Regulation of Blogs and the Internet
Political blogs also come in many varieties; some provide fact-checking or serve as watchdogs on certain issues or candidates. Others provide heated and often controversial commentary, analysis or opinion. Political blogs are relatively new in the political arena, but they have quickly become associated with "buzz"- a terms that is associated with commentary that can alter social behavior or perceptions.
It is generally acknowledge that blogs became a force in the political arena shortly before the 2004 Presidential election. The influence of political blogs grew steadily and by the 2006 mid-term congressional elections, the influence was considered significant. For some observers, the emergence of an unregulated medium, like the political blog, raised an alarm. The influence of wealthy contributors or corporations on political campaigns was highly charged, with many believing that elections were being sold to the highest bidder. The emergence of blogs along with their rising influence raised concerns among those watching the rise of internet advertising. Wealthy contributors were already purchasing lots of air time in traditional media markets and the blogosphere seemed like the next obvious point of infiltration.
The Online Freedom of Speech Act, introduced in the House of Representatives in 2005, signaled the importance that blogs were exerting in the political arena. HR 1606 was introduced in response to the McCain-Feingold Act or Campaign Finance Reform Act. McCain-Feingold was passed in an effort to limit the amount of "soft" money that could be used to finance political campaigns. The other issue brought to light by passage of McCain-Feingold was that of the rise of "issue ads" which were also called "electioneering communications"- which is where political blogs were called into question.
HR 1606 did not pass. The vote in the House was largely along party lines, with Republicans favoring the act and Democrats opposing it. As federal law stands as of January 2007, individuals' contributions used to fund political blogs in the form of advertising, for example, or simply funding the creation of the blogs, are limited.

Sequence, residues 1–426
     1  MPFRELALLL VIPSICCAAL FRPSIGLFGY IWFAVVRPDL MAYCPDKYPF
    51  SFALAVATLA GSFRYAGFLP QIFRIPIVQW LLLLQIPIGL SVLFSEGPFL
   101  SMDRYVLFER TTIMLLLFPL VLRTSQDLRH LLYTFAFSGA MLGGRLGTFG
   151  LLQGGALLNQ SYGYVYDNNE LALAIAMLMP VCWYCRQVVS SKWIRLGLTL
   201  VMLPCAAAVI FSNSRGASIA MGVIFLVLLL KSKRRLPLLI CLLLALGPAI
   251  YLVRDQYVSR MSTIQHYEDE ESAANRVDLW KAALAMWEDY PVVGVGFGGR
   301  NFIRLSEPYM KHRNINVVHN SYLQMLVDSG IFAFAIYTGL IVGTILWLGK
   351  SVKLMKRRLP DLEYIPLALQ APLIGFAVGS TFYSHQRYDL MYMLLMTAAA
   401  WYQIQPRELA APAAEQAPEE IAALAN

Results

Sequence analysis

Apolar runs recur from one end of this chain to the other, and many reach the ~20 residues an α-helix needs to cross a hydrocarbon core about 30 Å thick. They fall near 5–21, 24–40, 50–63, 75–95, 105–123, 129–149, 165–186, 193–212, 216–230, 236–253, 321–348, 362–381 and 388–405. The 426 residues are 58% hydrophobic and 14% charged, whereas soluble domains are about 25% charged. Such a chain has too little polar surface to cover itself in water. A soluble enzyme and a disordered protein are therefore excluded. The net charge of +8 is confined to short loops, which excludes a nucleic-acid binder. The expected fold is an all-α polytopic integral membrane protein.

Supporters of exempting blogs from regulations argue that the Internet is a new way for people to exercise their freedom of speech and should not be inhibited by laws designed to apply to traditional media. One sponsor of the Online Freedom of Speech Act, Rep. Mark Kennedy (R-MN), expressed his disappointment at the bill's failure to pass, arguing that it was intended to protect free speech.
Proponents of HR 1606 argued that blogs are a "positive and democratizing: force within the political system. The right to express political opinions through blogs has been credited with "leveling the playing field" by allowing ordinary citizens and not just the rich and powerful to contribute to the dialog.
On the other side, Rep. Marty Meehan (D-MA) argued campaign finance regulations fall into the same category as child pornography laws and consumer safety regulations - important laws that should not be ignored simply because the Internet is involved.